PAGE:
Thursday, October 27, 2011

Sleep

I have struggled for my entire life with insomnia, and much of the time have required some sort of prescription medication just to get me to sleep.

It's an odd malady, not being able to do this most basic of things that seems to come naturally to everyone else. Certainly, it has always come naturally to everyone I've ever slept in the same room with.




From Mom, to every college roommate and commune-mate, to every boyfriend up to and including the current one. Every dog, from the hyper pittie puppies to the anxious shepherds and the stiff older dogs and everyone in between--all have slept like the proverbial log. 






Over the years, I've heard every variation of deep breathing, nighttime grunting and mumbling, and snoring--sometimes for hours on end-- as I've struggled to get to sleep. 


There have been periods off and on when I've done better--years ago, when I camped and slept outside in Arizona and Utah during a six-week backpacking program on the Colorado Plateau, and more recently when I traveled in Guatemala and slept using only an occasional Benadryl. 





And for the past few days, as we've settled into a rhythm with Sandy and gotten used to having a tiny female pit bull packet snuggled in between us.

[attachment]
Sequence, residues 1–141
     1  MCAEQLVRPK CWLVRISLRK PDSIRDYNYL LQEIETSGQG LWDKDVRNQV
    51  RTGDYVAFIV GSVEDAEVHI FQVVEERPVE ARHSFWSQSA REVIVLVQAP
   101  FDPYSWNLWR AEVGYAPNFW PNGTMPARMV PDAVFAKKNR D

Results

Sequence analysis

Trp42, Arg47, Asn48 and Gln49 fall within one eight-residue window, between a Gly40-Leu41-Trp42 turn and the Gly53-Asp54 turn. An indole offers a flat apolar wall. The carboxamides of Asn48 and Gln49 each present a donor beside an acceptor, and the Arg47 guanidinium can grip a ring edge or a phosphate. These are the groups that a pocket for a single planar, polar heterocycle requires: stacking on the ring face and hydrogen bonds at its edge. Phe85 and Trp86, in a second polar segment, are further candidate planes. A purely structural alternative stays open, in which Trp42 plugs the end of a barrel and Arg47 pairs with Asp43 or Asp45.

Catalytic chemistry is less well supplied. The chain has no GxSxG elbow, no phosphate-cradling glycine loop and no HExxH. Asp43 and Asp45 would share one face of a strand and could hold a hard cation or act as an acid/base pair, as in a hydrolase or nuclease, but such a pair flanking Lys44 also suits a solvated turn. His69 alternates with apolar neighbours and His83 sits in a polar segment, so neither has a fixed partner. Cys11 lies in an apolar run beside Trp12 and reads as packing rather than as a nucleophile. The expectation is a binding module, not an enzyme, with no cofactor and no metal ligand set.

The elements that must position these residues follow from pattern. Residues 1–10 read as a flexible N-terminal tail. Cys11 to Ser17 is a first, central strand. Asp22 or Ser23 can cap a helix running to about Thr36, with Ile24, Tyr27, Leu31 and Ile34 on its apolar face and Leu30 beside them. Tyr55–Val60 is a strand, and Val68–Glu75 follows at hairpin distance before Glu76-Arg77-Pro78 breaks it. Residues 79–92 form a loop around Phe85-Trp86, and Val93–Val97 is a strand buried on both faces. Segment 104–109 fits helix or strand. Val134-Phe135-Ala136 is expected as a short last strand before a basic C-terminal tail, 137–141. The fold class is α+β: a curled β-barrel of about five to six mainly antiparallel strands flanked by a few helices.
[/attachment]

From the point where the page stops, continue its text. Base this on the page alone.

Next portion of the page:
It's not that I don't love my other, larger packets of sleeping joy, or that they don't bring me comfort.


It's just that there's something about this particular package of warm breath and snores that allows my mind to be at peace.






Maybe it's that she's so tiny, and sweet, and vulnerable.



Maybe it's the well-being that comes from knowing that we very probably saved her life, and feeling how worthwhile that is.











And maybe its the comforting sensation of again having a compact muscular little red girl dog around. A red girl dog who reminds me with her spunk and her spirit of
Tashi, whose ears and breath and snores I have never stopped missing since she passed away in April. 


Tashi is now in the midst of a long sleep, or maybe she's already entered a new life as a grumpy little grizzly or a spunky salmon swimming upstream or a Buddha incarnate whose growls bring instant enlightenment. 


Or maybe just a little bit of her spirit is making its way to us through our little foster dog, bringing her mom comfort and sleep at long last. 

13 comments:

  1. I can only imagine your previous frustration with insomnia. I hope this new bundle of joy keeps bringing you peace and comfort during those night hours. I love these pictures of her - she certainly is tugging on my little heartstrings!

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  2. Hi Kirsten, hmmm...my dad thinks that maybe, just maybe - you should keep Sandy for good. She seems to be helping you, body and soul. Be a shame to lose that. As a supplement to Sandy, have you tried Melatonin (from health food shops)or acupuncture and Chinese herbal tincture from an accredited and trained acupuncturist? Even I go to get acupuncture as part of my on-going treatment and it can help you.

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  3. How wonderful that Sandy is bringing you such peace! Fosters do truly brighten and fulfill our lives, whether their time with us is short or long. I hope Sandy continues to ease your mind and enable you to get the rest & relaxation that you need.